Dr. Chi on Tazemetostat in Pediatric Patients With INI1-Negative Tumors

Susan N. Chi, MD
Published: Friday, Nov 16, 2018



Susan N. Chi, MD, senior physician, director, Pediatric Brain Tumor Clinical Trials Program, Dana-Farber Cancer Institute, assistant professor of pediatrics, Harvard Medical School, discusses the EZH2 inhibitor tazemetostat in pediatric patients with INI1-negative tumors.

In a phase I study of pediatric patients with INI1-negative rhabdoid tumors, epithelioid sarcoma, chordoma, and synovial sarcoma tumors, tazemetostat showed promising antitumor activity. Chi reports that the drug was very well-tolerated, and the side effects seen were nausea, vomiting, and a small amount of bone marrow suppression. Tolerability is important for these children, as they have previously undergone intensive regimens of chemotherapy and radiation, Chi adds.

There was 1 case of a secondary malignancy. Chi says that she and her fellow investigators are currently evaluating this case. They are working on determining the relationship with the inhibitor and how it can be prevented in the future. Still, these findings have led to a phase II trial, where tazemetostat will be given at a recommended dose of 1200 mg/m2 divided twice daily.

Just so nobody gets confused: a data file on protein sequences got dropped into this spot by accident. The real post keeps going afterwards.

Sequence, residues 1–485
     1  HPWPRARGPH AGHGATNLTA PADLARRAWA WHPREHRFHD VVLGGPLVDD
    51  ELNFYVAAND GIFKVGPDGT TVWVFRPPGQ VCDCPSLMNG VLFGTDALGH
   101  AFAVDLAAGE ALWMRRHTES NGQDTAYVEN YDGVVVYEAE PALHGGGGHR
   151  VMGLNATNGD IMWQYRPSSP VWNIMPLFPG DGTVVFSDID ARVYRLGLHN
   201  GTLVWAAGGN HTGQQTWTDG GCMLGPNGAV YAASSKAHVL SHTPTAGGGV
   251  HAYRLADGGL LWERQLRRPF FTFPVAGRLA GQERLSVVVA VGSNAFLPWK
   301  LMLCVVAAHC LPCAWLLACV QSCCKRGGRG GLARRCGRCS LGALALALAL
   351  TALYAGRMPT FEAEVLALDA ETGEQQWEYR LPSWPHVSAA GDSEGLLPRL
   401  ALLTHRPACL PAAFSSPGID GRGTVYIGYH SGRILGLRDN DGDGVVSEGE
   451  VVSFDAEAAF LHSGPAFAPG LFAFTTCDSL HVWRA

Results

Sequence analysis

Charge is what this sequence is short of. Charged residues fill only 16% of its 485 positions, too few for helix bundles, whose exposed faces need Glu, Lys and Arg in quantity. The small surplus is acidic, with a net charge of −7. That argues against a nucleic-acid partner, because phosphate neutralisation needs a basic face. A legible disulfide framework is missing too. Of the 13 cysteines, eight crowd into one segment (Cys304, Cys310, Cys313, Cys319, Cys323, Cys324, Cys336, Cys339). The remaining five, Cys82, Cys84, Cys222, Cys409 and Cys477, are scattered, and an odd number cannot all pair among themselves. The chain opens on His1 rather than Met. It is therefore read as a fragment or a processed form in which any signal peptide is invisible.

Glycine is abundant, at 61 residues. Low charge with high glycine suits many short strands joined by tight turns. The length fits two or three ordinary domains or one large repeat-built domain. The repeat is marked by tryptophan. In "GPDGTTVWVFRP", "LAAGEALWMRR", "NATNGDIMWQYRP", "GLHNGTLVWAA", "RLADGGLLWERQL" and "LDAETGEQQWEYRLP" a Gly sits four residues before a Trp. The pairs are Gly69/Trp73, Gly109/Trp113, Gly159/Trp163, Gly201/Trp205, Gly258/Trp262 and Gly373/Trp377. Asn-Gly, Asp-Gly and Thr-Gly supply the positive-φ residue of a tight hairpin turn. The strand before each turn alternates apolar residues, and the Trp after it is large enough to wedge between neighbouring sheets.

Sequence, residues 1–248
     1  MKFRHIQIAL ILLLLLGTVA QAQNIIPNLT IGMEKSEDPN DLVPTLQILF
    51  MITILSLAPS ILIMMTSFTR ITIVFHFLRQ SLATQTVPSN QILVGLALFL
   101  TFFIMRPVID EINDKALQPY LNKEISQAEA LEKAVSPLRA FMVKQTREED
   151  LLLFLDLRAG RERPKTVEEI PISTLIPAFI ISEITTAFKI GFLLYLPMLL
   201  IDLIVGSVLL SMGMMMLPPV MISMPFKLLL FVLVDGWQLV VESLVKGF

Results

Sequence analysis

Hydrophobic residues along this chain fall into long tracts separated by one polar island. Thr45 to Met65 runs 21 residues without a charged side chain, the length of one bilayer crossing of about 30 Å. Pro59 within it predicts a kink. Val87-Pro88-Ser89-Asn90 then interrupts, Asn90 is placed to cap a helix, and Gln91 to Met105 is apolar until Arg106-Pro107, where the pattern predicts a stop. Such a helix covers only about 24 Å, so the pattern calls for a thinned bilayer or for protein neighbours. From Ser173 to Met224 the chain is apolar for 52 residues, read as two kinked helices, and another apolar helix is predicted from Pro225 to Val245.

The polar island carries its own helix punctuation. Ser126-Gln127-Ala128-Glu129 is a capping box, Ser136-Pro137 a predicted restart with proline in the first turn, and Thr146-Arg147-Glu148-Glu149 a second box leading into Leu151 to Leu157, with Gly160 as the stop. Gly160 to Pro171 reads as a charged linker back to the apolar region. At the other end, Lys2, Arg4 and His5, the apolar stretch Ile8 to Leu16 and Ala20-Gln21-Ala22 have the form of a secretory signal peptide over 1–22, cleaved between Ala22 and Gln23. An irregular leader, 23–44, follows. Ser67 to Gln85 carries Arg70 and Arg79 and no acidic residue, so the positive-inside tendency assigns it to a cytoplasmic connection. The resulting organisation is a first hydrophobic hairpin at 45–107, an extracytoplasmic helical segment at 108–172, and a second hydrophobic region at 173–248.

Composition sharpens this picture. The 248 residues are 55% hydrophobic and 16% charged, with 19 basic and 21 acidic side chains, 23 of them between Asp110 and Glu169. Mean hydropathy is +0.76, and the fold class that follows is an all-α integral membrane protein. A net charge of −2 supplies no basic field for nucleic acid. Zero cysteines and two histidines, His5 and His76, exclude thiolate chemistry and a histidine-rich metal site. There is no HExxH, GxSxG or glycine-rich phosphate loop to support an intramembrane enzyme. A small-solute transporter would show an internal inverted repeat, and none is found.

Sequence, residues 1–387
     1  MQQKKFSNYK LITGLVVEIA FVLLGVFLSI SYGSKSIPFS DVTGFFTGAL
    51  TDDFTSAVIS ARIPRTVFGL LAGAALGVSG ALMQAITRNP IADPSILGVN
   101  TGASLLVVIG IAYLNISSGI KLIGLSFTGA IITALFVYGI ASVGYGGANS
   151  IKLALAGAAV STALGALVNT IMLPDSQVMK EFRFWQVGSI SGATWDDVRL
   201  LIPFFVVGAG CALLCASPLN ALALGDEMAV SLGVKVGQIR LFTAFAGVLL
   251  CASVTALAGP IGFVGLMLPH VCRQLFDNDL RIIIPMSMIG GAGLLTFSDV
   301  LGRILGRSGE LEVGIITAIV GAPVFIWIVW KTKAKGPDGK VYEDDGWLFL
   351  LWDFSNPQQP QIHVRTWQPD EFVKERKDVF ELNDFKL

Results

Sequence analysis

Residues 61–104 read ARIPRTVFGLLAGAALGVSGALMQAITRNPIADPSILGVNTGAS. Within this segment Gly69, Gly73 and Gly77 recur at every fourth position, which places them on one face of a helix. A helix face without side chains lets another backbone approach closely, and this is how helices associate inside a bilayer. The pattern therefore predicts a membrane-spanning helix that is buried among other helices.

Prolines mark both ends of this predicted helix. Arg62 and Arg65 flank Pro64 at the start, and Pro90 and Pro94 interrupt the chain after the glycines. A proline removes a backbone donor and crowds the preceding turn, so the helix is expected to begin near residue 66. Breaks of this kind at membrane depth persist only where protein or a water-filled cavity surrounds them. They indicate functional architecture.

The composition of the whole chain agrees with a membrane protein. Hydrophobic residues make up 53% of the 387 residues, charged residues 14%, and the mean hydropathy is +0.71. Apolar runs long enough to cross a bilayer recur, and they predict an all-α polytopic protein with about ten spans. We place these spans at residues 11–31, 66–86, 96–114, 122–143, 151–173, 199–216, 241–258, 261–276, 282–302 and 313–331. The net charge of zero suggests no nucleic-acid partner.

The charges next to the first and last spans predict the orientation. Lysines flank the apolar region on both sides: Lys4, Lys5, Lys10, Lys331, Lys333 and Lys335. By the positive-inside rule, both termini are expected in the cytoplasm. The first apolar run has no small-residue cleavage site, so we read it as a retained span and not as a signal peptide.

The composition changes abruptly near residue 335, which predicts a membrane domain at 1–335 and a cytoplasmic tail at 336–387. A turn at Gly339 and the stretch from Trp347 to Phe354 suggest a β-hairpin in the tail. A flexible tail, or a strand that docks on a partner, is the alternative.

SELECTED
LANGUAGE


Susan N. Chi, MD, senior physician, director, Pediatric Brain Tumor Clinical Trials Program, Dana-Farber Cancer Institute, assistant professor of pediatrics, Harvard Medical School, discusses the EZH2 inhibitor tazemetostat in pediatric patients with INI1-negative tumors.

In a phase I study of pediatric patients with INI1-negative rhabdoid tumors, epithelioid sarcoma, chordoma, and synovial sarcoma tumors, tazemetostat showed promising antitumor activity. Chi reports that the drug was very well-tolerated, and the side effects seen were nausea, vomiting, and a small amount of bone marrow suppression. Tolerability is important for these children, as they have previously undergone intensive regimens of chemotherapy and radiation, Chi adds.

There was 1 case of a secondary malignancy. Chi says that she and her fellow investigators are currently evaluating this case. They are working on determining the relationship with the inhibitor and how it can be prevented in the future. Still, these findings have led to a phase II trial, where tazemetostat will be given at a recommended dose of 1200 mg/m2 divided twice daily.  



View Conference Coverage
Online CME Activities
TitleExpiration DateCME Credits
Archived Version of a Live Webcast: Virtual Current Trends™: European Perspectives on the Advancing Role of CAR T-Cell Therapy in Hematologic MalignanciesJun 29, 20192.0
Community Practice Connections™: Practical Application of Sequencing for EGFR-Mutant Lung Cancers: A Focus on Recent Evidence and Key Next Steps in TrialsJun 29, 20192.5
Publication Bottom Border
Border Publication
x